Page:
This is the first record of my existence I can find on the internet:
It’s a poorly worded question by a 16 year old Amir:
Is there an equivelant of the dos C function call “FindFirst” in linux?
I’ve looked all over & the closest I can find is something called
The only answer I received was:
This is the wrong list for this kind of question.
This is list is for *development* of gcc.
It seems funny now but when I was 16 and trying to learn to write C in linux (I had only written it in dos up until then) this was two problems:
I didn’t understand what the difference between GCC and the C runtime was, so this reply was just confusing to me.
Not being able to locate the correct function set me back by days.
I remember this vividly. I had written this goofy dos program that allowed you to rewrite bits of a file given a binary string. So I could do things like:
./amirs_thing -o 8032 -i file.in -s 110110110111011
It would then overwrite the bits at offset 8032 with the binary string you specified in file.in.
I don’t remember why I wrote it but I remember being proud of it. I also remember wanting to share it with other people. I was getting into linux at the time so my dream was to port it to linux and then have it published by GNU. To me at age 16 this was sort of like being given a purple heart, or a congressional medal of honor.
Reading the recent news of github’s new and improved code search (https://github.com/blog/1381-a-whole-new-code-search) made me remember this incident. FWIW I just spent 15 minutes playing with it. The github implementation is so much better than the code.google implementation or some of these weird “code indexers” I have seen popping up on google.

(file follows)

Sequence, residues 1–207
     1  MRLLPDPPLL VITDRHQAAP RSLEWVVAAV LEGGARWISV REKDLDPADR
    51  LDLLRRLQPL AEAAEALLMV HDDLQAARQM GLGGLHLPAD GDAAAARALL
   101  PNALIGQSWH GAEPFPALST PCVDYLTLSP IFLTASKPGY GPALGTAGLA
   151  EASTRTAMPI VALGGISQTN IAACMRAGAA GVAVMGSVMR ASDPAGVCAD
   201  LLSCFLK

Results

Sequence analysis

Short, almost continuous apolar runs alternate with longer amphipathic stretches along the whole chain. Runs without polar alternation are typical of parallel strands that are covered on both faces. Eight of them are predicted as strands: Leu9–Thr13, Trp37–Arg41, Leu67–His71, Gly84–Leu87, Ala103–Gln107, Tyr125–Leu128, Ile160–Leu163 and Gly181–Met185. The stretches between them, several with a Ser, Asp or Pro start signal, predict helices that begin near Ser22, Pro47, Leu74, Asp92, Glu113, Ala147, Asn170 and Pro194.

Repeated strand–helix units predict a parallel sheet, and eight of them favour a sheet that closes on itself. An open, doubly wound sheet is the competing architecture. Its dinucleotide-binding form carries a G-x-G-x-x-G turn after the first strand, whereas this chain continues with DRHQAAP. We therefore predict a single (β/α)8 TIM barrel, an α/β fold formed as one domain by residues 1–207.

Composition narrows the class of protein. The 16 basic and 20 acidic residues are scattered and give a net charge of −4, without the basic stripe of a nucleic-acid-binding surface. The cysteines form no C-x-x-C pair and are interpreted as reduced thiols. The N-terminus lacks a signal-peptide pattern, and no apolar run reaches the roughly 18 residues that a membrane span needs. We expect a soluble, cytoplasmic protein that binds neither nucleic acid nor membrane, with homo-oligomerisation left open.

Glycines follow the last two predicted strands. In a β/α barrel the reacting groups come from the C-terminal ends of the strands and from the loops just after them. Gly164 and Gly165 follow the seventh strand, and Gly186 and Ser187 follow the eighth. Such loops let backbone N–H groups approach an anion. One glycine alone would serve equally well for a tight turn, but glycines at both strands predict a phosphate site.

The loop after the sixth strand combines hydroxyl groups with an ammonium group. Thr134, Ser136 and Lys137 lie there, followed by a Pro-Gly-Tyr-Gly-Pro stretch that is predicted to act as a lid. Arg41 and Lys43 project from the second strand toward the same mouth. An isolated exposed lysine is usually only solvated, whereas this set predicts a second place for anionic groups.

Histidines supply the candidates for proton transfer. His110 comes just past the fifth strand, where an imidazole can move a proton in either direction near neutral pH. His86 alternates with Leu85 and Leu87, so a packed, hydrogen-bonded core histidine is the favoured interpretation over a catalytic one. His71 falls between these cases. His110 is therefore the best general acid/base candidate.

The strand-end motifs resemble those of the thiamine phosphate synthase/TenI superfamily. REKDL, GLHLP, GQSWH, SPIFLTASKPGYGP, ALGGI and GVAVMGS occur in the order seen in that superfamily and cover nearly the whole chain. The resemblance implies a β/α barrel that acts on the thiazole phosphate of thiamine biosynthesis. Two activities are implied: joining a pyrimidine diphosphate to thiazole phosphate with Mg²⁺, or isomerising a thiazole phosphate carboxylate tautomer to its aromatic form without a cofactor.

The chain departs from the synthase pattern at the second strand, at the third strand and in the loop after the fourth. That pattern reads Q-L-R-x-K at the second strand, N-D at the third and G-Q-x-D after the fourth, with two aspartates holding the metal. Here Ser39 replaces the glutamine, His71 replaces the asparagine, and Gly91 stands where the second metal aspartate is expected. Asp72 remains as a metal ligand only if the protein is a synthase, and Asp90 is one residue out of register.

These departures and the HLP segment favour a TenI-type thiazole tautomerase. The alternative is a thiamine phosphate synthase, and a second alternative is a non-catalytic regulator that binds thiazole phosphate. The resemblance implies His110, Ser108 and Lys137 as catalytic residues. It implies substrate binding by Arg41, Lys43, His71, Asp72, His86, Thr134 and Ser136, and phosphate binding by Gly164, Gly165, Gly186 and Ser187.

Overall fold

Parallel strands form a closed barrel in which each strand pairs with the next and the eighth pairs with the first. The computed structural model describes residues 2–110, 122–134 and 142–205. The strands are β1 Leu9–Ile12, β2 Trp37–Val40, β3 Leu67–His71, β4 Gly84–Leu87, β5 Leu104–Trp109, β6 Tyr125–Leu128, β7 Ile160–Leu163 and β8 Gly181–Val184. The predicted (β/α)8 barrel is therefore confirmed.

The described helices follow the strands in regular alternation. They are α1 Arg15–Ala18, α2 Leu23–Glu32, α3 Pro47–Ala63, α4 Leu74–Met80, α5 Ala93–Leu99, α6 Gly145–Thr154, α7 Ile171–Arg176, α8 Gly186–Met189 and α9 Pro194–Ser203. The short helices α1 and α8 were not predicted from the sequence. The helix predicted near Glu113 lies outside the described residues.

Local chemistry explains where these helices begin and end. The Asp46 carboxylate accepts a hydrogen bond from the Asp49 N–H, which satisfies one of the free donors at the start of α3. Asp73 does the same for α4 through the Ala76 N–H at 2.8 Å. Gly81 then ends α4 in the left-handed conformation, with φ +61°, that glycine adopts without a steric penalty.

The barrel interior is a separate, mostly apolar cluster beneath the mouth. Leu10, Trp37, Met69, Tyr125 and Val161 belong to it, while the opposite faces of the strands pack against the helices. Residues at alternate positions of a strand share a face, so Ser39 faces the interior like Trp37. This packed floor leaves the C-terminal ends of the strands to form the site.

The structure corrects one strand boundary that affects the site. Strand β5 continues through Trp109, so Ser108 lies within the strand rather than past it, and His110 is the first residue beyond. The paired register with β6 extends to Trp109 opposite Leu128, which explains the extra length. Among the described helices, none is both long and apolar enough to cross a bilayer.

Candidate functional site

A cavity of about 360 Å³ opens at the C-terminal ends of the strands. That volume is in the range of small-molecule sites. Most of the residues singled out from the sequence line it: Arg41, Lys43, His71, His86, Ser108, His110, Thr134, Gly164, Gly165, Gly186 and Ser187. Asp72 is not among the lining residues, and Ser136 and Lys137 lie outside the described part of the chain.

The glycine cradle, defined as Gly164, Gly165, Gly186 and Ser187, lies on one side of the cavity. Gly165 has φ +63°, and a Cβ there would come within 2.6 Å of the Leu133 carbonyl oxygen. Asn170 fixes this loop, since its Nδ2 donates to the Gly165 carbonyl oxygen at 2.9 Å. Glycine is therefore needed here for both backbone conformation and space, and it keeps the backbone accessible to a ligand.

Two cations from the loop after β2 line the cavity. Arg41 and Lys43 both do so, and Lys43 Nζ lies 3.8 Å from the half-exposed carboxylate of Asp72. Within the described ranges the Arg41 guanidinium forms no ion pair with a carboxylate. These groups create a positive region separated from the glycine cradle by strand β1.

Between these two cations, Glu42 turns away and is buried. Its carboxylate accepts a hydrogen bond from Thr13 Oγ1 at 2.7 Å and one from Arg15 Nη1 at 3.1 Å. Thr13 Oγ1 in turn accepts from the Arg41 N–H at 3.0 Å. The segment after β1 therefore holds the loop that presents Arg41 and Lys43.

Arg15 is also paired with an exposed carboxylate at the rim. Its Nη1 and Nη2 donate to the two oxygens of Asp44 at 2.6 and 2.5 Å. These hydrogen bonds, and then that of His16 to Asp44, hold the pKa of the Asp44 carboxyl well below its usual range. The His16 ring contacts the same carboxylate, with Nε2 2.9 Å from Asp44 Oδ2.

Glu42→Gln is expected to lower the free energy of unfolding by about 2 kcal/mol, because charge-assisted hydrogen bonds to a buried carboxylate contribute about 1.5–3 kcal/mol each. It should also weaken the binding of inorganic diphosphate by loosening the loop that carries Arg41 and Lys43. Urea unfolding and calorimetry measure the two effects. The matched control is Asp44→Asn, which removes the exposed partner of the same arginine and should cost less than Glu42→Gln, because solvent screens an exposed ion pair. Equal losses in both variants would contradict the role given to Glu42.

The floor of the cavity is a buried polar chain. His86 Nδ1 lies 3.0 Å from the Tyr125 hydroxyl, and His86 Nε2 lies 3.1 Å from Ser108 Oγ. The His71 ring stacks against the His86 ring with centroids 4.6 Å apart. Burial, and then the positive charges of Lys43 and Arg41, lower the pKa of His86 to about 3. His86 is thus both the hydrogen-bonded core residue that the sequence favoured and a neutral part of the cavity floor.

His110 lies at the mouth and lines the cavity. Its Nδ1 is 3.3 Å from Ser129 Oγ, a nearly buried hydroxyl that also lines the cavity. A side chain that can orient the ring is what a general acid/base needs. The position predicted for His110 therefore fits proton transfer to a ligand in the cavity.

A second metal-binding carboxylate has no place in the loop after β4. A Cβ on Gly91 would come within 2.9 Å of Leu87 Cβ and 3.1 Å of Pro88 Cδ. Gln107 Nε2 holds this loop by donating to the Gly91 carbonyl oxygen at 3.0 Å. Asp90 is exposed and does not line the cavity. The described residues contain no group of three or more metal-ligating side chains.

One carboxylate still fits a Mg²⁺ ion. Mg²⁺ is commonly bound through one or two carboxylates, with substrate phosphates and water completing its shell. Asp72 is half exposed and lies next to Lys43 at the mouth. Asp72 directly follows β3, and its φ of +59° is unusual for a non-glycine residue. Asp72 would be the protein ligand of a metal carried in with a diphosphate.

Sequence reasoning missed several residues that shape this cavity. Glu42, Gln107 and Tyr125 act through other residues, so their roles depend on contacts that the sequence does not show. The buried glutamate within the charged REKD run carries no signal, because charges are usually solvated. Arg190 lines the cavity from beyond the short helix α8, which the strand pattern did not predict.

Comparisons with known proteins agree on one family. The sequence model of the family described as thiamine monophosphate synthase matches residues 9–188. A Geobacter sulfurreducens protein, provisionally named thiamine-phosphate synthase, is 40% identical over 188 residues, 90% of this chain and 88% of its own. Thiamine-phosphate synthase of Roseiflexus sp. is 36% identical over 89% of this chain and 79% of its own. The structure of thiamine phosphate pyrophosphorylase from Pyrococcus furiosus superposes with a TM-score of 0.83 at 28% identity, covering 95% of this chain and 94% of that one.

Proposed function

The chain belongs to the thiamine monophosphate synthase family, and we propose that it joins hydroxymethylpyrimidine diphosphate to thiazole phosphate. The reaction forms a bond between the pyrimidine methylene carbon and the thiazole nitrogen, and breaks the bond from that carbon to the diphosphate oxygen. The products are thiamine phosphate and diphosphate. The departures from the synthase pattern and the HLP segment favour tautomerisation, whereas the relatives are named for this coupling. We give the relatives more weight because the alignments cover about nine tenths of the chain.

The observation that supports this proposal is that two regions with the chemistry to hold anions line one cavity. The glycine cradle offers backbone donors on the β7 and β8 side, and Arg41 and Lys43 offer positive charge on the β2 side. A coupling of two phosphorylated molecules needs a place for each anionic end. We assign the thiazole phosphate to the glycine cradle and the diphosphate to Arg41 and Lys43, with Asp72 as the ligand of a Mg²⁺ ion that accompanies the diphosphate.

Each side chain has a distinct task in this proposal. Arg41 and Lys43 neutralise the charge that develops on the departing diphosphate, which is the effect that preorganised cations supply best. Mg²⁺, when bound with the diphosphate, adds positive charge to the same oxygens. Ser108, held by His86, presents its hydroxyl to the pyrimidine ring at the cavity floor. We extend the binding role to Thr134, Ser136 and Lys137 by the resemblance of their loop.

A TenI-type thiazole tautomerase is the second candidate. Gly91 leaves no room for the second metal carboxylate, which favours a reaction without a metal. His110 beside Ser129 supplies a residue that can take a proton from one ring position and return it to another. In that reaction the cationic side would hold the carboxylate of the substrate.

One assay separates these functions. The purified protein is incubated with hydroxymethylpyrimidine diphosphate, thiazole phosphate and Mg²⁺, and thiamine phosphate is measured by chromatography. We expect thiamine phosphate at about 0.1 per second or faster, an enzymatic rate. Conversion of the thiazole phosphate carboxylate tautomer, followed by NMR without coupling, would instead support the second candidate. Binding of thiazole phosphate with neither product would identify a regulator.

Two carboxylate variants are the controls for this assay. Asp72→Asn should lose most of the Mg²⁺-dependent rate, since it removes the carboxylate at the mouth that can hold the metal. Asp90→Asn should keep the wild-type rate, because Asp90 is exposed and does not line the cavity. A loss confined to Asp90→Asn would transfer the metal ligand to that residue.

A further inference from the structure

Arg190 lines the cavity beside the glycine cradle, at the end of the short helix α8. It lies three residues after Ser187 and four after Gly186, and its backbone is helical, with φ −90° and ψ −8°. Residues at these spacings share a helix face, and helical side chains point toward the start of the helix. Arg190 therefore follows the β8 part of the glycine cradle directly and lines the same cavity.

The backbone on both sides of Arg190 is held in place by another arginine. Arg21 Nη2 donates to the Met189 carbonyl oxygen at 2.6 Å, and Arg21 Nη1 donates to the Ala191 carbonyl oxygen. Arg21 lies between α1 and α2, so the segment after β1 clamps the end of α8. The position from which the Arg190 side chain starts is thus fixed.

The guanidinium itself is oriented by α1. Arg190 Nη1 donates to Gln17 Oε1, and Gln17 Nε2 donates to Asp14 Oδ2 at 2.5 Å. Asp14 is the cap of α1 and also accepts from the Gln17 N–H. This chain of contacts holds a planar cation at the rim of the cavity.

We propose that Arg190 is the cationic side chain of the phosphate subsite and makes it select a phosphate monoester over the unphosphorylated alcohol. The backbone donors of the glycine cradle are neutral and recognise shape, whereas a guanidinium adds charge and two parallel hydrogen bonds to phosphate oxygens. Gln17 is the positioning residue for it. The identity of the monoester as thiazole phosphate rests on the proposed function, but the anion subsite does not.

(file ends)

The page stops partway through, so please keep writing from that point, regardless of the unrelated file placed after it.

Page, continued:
Now if I were to encounter the same confusion point I’d simply fire up github and search for it. Within just a few minutes of looking I’d have stumbled upon this repository, which contains an api compatible version of the dos findfirst: https://github.com/dimroc/sunborn_igf/. I’d probably realize that there is a linux function called readdir, and then realize that I could have found that in the man pages.
It’s funny to think back to those days and just how frustrated I was about this stupid findfirst call.
Given the availability of helpful tools like this that reduce the frustrating parts of coding and allow coders to spend more time in the “awesome implementation zen” phase I can’t help but wonder how much more efficient a good coder is today than 10 years ago.
Kids these days. They have it so easy with their stackoverflow and their github code search and their automatic can openers. Get off my lawn.
Anyhow, what do you guys think - is the wide availability of a free and highly intuitive code search as big of a deal as I think it is?